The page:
Display Settings:

Format

Send to:

Choose Destination
We are sorry, but NCBI web applications do not support your browser and may not function properly. More information
Depress Anxiety. 2008;25(7):565-74.

Short psychodynamic supportive psychotherapy, antidepressants, and their combination in the treatment of major depression: a mega-analysis based on three randomized clinical trials.

Author information

  • 1Depression Research Group of the Mentrum Institute for Mental Health, Free University, Amsterdam, The Netherlands.

Abstract

The efficacy of Short Psychodynamic Supportive Psychotherapy (SPSP) has not yet been compared with pharmacotherapy. A mega-analysis based on three original Randomized Clinical Trials (RCTs) was performed. Patients with (mild to moderate) major depressive disorder were randomized in (24 weeks) SPSP (n = 97), pharmacotherapy (n = 45), or their combination (n = 171). Efficacy was assessed by the Hamilton Depression Rating Scale (HDRS), Clinical Global Impression of Severity and of Improvement (CGI-S), the Symptom Checklist (SCL; depression subscale) and the Quality of Life Depression Scale (QLDS). Pearson chi(2) calculations were used to compare success rates. Analyses of covariance (ANCOVAs) were used to test inter-group differences. Success rates indicated that independent observers (HDRS) found no differences in symptom reduction between SPSP and pharmacotherapy (P = 0.214), but therapists (CGI-S, P = 0.026), and patients (SCL, P = 0.036) favored SPSP. Combined therapy was found superior to pharmacotherapy by all three (patients (P = 0.000), therapists (P = 0.024), independent observers (P = 0.024)). Independent observers (P = 0.062) and therapists (P = 0.430) found no differences between combined therapy and SPSP, but patients (P = 0.016) found combined therapy to be superior. As far as quality of life is concerned, success rates indicated that patients (QLDS) found no differences between SPSP and pharmacotherapy (P = 0.073) or between SPSP and combined therapy (P = 0.217). However, they found combined therapy superior to pharmacotherapy (P = 0.015). The results of the mega-analysis suggest that combined therapy is more efficacious than pharmacotherapy. SPSP and pharmacotherapy seem equally efficacious, except for some indications that patients and therapists favor SPSP for symptom reduction. Combined therapy and SPSP also seem equally efficacious, except that patients think that the first is better in symptom reduction.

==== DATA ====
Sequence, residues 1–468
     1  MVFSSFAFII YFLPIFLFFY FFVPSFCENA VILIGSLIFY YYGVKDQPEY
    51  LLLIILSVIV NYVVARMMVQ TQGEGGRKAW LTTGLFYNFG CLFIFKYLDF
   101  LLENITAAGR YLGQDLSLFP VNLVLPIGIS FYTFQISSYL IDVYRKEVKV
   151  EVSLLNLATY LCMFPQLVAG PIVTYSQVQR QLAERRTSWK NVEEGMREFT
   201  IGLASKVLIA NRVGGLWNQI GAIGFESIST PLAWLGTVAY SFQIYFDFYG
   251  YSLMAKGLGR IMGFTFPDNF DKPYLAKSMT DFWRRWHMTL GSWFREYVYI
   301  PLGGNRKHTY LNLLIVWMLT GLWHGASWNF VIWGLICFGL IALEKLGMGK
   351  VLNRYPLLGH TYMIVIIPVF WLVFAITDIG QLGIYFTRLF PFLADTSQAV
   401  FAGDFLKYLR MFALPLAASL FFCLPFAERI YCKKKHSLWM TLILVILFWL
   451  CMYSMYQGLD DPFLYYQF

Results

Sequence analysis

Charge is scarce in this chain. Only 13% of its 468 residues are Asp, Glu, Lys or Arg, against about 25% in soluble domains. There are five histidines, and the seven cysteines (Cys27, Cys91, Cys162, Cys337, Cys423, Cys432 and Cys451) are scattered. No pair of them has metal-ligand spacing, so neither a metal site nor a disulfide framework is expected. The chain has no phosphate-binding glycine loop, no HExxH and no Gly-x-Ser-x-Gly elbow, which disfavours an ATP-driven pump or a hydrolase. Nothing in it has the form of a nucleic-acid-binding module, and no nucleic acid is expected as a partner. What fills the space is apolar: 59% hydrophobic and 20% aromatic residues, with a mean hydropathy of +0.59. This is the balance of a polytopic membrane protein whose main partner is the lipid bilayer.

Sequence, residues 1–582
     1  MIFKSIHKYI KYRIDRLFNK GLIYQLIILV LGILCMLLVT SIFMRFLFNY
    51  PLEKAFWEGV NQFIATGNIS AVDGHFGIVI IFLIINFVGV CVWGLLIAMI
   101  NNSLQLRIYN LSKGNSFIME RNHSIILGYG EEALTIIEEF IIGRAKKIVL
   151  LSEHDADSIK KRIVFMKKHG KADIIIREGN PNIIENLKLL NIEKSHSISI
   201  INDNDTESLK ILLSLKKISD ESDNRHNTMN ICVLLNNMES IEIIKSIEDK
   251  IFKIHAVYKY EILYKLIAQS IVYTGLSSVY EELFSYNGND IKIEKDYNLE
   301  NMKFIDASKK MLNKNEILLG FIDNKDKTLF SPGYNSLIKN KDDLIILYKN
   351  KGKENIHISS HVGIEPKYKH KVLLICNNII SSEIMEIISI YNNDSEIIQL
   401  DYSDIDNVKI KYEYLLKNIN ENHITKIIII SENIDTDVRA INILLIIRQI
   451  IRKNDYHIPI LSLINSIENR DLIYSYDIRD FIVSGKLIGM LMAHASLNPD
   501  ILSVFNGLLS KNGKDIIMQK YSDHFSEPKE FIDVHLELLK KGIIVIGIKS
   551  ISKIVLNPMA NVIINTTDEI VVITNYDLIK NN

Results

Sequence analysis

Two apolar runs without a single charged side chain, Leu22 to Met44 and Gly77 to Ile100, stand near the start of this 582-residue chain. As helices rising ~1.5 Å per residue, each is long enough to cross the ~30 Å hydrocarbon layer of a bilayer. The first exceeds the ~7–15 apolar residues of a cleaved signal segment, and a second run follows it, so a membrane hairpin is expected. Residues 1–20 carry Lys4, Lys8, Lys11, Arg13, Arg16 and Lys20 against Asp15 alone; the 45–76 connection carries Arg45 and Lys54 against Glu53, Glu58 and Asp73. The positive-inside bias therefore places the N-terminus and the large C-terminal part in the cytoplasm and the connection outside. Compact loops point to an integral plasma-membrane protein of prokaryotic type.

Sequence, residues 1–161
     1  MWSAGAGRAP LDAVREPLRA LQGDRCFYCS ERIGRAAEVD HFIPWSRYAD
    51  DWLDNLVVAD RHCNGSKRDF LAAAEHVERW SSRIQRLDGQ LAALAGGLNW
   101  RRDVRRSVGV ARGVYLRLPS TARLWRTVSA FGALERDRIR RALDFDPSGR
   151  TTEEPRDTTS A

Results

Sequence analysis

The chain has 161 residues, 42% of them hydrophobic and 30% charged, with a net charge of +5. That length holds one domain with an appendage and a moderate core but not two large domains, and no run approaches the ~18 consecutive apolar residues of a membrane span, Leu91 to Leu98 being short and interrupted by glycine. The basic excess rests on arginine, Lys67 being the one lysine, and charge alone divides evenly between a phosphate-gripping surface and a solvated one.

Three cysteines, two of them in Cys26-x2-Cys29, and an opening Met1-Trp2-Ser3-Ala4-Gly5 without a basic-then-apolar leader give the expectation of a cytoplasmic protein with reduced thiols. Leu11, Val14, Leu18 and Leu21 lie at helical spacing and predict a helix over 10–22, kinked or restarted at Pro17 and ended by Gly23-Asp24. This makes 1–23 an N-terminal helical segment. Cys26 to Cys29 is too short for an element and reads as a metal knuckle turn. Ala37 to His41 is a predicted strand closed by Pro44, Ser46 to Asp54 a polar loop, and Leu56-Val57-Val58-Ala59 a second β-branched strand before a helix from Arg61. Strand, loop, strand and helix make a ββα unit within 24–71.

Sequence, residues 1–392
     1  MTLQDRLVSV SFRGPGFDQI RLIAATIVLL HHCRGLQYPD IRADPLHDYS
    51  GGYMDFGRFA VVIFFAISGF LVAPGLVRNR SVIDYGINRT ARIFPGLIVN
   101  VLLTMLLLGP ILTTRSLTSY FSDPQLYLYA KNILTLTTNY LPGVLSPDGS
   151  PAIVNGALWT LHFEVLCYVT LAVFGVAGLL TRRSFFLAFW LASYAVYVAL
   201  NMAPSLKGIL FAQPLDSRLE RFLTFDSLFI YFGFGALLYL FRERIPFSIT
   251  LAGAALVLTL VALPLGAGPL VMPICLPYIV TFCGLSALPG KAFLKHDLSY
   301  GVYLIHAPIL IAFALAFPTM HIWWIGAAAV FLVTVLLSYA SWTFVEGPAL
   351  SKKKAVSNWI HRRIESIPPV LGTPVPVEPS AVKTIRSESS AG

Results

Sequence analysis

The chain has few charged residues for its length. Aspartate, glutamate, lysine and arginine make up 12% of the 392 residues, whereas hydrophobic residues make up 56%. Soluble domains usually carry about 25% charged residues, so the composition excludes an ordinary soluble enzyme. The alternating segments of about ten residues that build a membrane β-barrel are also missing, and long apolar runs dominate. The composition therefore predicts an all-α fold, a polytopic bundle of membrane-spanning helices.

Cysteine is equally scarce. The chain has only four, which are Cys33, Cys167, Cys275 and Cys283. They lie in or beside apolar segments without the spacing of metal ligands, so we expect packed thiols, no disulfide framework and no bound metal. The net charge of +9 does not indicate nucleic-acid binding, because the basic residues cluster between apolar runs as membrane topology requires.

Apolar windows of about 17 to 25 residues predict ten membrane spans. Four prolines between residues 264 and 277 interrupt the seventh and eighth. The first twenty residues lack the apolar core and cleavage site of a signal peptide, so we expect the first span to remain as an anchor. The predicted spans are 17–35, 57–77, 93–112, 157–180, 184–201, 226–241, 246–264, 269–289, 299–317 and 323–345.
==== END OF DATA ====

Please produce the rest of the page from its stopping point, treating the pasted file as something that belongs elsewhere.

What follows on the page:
PMID:
17557313
[PubMed - indexed for MEDLINE]
PubMed Commons home

PubMed Commons

0 comments
How to join PubMed Commons

    Supplemental Content

    Full text links

    Icon for John Wiley & Sons, Inc.
    Loading ...
    Write to the Help Desk